Hashimoto’s and celiac disease are closely related to each other. This is because both are autoimmune disorders and trigger a response that causes gluten sensitivity in the body. Once you consume grains/gluten, your intestinal permeability increases that lead to a leaky gut. It further aggravates health conditions as excessive hormone production, disruption of digestive walls that cause constipation, and unexplained weight gain.
Secondly, grains are a high fiber food, and fiber is undoubtedly necessary for the human body. But the problem arises when this high fiber food group brings with it a bucket-full of pesticides that damage the intestinal walls.

Grains detrimental to thyroid health are:



Animal milk contains high quantities of antigens and saturated fats. And both of these substances are responsible for inflammation that reduces your body’s ability to fight with bacteria and viruses. These inflammatory chemicals directly affect your immune system. As we know, Hashimoto's is an autoimmune disease; so ensuring that your immune system is functioning well is important to reduce symptoms.

Dairy products that should be avoided are:



Soy products contain Isoflavones that can block the function of the thyroid peroxidase enzyme. TPO is responsible for the production of thyroid hormones, T3 and T4.

Isoflavones also mimic the effect of estrogen that allows it to replace some of the functions of estrogen. When estrogen is replaced with Isoflavones, it can cause symptoms for people with Hashimoto's Thyroiditis.

Foods that contain soy are:

Soy milk
Vegan meat alternatives
Canned Fish
Processed foods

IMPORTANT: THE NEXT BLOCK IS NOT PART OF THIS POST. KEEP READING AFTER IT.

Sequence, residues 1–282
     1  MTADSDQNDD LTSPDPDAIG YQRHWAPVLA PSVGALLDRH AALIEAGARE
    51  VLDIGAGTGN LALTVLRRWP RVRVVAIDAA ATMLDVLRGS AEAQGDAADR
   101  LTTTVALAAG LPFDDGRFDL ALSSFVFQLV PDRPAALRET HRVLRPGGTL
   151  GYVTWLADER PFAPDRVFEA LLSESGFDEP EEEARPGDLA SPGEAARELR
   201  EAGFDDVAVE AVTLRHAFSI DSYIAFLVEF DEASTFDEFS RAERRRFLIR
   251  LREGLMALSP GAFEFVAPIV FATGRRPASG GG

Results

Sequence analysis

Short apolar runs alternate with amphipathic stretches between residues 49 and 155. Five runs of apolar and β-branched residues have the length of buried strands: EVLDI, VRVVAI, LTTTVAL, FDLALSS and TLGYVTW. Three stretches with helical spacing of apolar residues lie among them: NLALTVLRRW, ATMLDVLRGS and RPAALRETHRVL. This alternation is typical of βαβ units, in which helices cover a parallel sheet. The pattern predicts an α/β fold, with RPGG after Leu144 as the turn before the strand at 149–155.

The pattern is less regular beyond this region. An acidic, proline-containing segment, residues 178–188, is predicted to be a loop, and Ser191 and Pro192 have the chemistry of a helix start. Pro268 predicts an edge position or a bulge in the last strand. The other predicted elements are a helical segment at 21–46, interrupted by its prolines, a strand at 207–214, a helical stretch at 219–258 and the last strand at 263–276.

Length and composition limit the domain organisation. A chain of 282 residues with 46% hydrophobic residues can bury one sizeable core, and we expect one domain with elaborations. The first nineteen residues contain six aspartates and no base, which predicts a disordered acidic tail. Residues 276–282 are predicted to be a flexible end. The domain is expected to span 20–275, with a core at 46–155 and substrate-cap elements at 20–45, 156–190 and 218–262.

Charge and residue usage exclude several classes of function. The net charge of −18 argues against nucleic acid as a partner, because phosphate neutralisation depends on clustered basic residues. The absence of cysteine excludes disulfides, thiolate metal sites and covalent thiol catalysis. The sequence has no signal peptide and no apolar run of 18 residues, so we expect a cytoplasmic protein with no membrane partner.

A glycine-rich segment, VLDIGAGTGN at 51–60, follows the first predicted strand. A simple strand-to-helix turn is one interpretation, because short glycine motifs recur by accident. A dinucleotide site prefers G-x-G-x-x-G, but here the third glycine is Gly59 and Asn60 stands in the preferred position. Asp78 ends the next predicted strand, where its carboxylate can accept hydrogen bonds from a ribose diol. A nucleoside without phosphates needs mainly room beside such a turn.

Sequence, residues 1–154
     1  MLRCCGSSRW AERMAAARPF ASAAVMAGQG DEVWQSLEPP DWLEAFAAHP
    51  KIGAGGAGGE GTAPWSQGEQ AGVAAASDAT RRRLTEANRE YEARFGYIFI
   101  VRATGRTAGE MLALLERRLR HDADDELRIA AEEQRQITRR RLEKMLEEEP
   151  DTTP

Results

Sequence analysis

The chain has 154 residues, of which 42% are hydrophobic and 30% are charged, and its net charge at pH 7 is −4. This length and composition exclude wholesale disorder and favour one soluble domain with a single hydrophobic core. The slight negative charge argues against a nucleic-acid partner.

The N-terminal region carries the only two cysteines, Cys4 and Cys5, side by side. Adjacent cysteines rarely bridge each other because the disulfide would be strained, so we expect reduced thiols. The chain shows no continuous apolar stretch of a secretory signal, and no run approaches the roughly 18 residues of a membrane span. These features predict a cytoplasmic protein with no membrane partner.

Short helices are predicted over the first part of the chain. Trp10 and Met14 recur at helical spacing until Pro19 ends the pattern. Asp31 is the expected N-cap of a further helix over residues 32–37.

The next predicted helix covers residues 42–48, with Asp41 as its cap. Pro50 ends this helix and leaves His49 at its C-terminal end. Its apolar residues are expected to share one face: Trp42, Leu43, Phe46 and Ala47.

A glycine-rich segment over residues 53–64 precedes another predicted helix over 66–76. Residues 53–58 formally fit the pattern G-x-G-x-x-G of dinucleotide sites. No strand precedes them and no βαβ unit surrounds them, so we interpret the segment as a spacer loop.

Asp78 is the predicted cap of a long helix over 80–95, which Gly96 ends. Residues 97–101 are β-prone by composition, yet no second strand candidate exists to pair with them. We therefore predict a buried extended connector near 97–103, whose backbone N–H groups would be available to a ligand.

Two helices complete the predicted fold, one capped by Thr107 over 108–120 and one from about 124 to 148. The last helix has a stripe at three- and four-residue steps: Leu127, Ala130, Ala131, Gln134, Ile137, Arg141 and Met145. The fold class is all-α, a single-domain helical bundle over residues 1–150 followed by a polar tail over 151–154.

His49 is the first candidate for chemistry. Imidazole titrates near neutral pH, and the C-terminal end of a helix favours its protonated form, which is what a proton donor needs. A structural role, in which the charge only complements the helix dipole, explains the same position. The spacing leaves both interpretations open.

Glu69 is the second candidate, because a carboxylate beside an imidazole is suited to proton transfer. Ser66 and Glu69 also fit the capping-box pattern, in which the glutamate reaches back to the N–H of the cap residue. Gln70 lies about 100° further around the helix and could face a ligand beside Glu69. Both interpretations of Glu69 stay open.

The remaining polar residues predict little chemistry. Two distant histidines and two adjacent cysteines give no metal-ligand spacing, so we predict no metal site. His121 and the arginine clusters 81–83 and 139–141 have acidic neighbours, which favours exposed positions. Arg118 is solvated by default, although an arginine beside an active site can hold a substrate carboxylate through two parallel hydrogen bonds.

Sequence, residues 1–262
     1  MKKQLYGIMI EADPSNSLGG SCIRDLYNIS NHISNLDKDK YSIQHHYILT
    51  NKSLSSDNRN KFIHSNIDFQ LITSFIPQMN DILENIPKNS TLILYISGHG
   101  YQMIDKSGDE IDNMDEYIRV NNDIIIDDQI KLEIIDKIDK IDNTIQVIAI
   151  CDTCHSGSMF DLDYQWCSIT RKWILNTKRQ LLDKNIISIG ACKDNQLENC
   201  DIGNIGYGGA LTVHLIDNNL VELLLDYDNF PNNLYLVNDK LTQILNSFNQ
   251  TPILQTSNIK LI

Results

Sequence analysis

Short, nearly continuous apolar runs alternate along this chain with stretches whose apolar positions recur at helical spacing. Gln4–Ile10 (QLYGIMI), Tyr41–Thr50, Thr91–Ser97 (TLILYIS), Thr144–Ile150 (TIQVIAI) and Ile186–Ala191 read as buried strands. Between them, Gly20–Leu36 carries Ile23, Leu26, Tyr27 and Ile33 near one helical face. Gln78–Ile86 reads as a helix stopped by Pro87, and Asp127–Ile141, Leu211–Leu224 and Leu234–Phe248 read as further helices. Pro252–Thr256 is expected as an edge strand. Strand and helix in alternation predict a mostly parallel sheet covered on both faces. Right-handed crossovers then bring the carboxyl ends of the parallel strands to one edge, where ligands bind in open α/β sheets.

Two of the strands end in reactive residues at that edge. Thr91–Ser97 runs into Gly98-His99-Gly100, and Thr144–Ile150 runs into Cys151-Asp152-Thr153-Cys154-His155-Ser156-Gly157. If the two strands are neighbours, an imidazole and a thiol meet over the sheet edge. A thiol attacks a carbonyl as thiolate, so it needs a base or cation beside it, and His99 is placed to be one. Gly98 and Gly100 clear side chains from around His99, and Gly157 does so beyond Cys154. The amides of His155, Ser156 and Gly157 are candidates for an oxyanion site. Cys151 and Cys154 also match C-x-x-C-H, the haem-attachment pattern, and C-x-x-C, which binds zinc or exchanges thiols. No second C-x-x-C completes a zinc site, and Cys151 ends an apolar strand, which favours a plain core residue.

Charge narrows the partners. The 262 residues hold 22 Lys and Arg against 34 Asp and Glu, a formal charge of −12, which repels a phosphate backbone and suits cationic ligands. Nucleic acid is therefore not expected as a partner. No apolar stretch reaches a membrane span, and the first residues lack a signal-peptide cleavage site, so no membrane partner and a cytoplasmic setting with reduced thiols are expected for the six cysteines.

Processed meat


Did you know that your liver and your thyroid are highly connected? Your liver is responsible for hormone metabolism (including thyroid hormones). When you drink alcohol, your liver is also responsible for alcohol metabolism. So, you can see how not drinking alcohol can help your liver focus on what you want it to: metabolizing hormones.

Alcohol can also inhibit digestion. Your gut and thyroid are also highly connected. When the receptors in your gut are blocked, it is harder to absorb the nutrients that will help support your immune system and thyroid.

Abstaining from all forms of alcohol is vital to reducing symptoms for Hashimoto's Disease.

Hashimoto's Disease does not have to control your life. These changes to the diet will help reduce inflammation in your body and reduce the symptoms that you deal with every day.

The most important part of all of this is: do not give up! It will take a couple of weeks for cravings to subside, and your diet to become more normal for you. Give it 30 days of tracking your symptoms using our symptom tracker and re-evaluate!